Polygamy raises questions, concern for children

By Anita Doberman

I am Italian and somewhat jealous when it comes to my husband. It runs in our blood. The concept of sharing a husband with other women is incomprehensible to me. I’ll often remind my husband that there are still many passion murders when a husband is found to have cheated on his wife.

With the recent raid on the compound in Eldorado, Texas, and the ongoing investigation involving polygamy, the debate about having multiple wives and sharing a husband seems to be everywhere.

I interviewed several women who had lived with or still practice polygamy, and I tried to understand how someone freely chooses to live this lifestyle.

I spoke with Anne Wilde, co-founder of Principle Voices, a group that advocates for women in plural marriages; and Flora Jessop, a woman who escaped from a polygamous lifestyle and is now involved with organizations that help abused women escape from fundamentalist groups.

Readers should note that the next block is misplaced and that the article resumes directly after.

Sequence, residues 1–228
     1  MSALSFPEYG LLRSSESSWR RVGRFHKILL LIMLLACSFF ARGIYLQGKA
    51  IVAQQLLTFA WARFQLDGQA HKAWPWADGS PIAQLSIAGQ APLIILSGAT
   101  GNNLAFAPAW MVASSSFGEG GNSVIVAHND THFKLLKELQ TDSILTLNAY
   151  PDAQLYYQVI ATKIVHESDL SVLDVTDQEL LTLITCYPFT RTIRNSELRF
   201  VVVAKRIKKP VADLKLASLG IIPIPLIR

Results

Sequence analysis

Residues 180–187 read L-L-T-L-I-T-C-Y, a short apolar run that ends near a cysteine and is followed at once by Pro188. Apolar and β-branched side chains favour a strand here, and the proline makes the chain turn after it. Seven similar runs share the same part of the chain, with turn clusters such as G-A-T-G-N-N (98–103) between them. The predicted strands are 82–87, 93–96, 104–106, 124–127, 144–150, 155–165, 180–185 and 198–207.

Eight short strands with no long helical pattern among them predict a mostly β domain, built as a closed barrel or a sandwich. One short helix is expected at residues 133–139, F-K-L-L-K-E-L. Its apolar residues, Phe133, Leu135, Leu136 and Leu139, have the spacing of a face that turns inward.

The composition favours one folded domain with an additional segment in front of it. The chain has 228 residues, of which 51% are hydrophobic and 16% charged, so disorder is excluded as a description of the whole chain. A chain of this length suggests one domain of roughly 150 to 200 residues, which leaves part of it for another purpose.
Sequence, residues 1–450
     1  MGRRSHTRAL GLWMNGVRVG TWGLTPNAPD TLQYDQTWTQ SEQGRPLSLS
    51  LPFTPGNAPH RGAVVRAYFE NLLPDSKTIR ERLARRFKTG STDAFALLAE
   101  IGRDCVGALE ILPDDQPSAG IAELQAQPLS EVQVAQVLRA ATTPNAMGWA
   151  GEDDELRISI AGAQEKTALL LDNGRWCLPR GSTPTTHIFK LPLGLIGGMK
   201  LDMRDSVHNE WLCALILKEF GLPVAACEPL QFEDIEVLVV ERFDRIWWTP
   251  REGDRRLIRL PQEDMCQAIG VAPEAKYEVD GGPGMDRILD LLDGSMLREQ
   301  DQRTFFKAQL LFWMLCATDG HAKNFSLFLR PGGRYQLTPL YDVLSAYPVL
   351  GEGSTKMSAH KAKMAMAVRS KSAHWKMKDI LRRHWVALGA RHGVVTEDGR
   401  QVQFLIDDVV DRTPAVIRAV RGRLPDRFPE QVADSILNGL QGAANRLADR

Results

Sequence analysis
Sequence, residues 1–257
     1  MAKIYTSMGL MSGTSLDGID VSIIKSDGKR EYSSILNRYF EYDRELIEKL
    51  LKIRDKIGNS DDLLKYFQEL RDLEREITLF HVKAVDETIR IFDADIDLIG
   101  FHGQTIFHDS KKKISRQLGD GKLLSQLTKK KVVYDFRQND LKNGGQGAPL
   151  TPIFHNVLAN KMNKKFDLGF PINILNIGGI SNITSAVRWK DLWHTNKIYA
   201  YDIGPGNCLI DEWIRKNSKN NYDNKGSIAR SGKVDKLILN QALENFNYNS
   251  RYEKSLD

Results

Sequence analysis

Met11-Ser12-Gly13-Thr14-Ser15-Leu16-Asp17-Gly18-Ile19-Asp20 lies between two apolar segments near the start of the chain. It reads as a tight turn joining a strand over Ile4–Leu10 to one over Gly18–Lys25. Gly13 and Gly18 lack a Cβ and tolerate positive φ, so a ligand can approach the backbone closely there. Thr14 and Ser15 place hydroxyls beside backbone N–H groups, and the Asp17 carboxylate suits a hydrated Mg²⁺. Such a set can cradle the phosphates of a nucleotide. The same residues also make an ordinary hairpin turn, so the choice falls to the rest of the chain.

I was surprised by the fact that Wilde is an educated woman who chose to enter a polygamous marriage after her first monogamous marriage ended in divorce.

She was the second wife of Ogden Kraut, a prominent Fundamentalist Independent Mormon, one of the groups practicing polygamy, who wrote more than 65 books about Fundamental Mormonism.

Wilde and Kraut were married for 33 years until his death. Wilde said she was very happy in her plural marriage and that she enjoyed close relationships with her “sister wives” and with her husband.

Wilde also is an Independent Fundamentalist Mormon and believes that only the original Church of Jesus Christ of Latter Day Saints teachings were correct, teachings from which the LDS church long ago distanced itself.